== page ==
Nearly 300 people in 18 states have been sickened by salmonella found on raw chicken packaged by Foster Farms, according to an alert issued Monday by the U.S. Department of Agriculture’s Food Safety and Inspection Service. While some USDA employees have been furloughed due to the partial government shutdown, food safety inspectors at beef and poultry plants are still conducting routine inspections and investigating illness outbreaks.
Consumers can identify raw Foster Farm chicken products associated with the outbreak by looking for the following numbers on the package: P6137, P6137A, and P7632.
The products were mainly distributed to retail outlets in California, Oregon and Washington State, the USDA said, but no recall has been issued because the food safety service has been “unable to link the illnesses to a specific product and a specific production period.”
Instead, consumers should remember to handle all raw meat and poultry in a safe manner, cooking chicken thoroughly until it reaches an internal temperature of 165 °F. They should also avoid cross contamination of raw chicken juices with other foods like fresh produce that won’t be cooked before consuming; for example, they should use separate cutting boards for preparing these foods.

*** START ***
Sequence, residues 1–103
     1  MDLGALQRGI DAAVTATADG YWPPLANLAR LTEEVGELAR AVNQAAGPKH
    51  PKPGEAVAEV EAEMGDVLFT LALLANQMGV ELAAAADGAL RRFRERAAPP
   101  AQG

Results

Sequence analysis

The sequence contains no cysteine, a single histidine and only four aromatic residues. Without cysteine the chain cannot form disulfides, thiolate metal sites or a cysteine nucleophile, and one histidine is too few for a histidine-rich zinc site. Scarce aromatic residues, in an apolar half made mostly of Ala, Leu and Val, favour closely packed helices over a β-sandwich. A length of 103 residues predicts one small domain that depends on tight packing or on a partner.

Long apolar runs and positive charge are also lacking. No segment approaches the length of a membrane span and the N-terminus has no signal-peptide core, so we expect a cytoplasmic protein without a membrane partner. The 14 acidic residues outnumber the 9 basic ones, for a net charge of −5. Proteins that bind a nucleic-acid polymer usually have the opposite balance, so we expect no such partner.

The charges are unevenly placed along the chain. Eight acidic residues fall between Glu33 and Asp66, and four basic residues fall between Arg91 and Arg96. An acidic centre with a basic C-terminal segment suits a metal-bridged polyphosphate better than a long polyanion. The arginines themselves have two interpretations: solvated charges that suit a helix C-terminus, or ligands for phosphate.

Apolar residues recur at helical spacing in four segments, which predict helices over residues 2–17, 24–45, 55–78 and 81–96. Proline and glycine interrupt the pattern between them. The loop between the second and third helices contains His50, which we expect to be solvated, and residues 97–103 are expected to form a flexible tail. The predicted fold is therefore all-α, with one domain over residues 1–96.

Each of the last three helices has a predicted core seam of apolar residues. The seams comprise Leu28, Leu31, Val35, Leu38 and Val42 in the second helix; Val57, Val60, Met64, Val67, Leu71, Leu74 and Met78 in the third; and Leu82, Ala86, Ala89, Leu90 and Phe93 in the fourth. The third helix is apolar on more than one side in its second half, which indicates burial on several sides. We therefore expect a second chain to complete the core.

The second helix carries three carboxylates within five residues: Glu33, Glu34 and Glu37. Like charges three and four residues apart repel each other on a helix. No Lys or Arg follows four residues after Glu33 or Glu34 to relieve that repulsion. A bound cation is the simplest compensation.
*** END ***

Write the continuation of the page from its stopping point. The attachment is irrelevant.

Another tip recommended by food safety scientists: Don’t wash raw poultry before preparing it since that can foster the spread of bacteria.
“If you wash it, you’re more likely to spray bacteria all over the kitchen and yourself,” said Drexel University food safety researcher Dr. Jennifer Quinlan in a new video campaign she launched to get people to stop rinsing raw chicken.
One of the most common food-borne illnesses, salmonella infections can be life-threatening, especially for those with weak immune systems like the elderly, infants, or those taking chemotherapy drugs. Symptoms include diarrhea, abdominal cramps, and fever within one to three days after eating the contaminated food; they can last up to seven days and usually require no medical care beyond rest and fluids.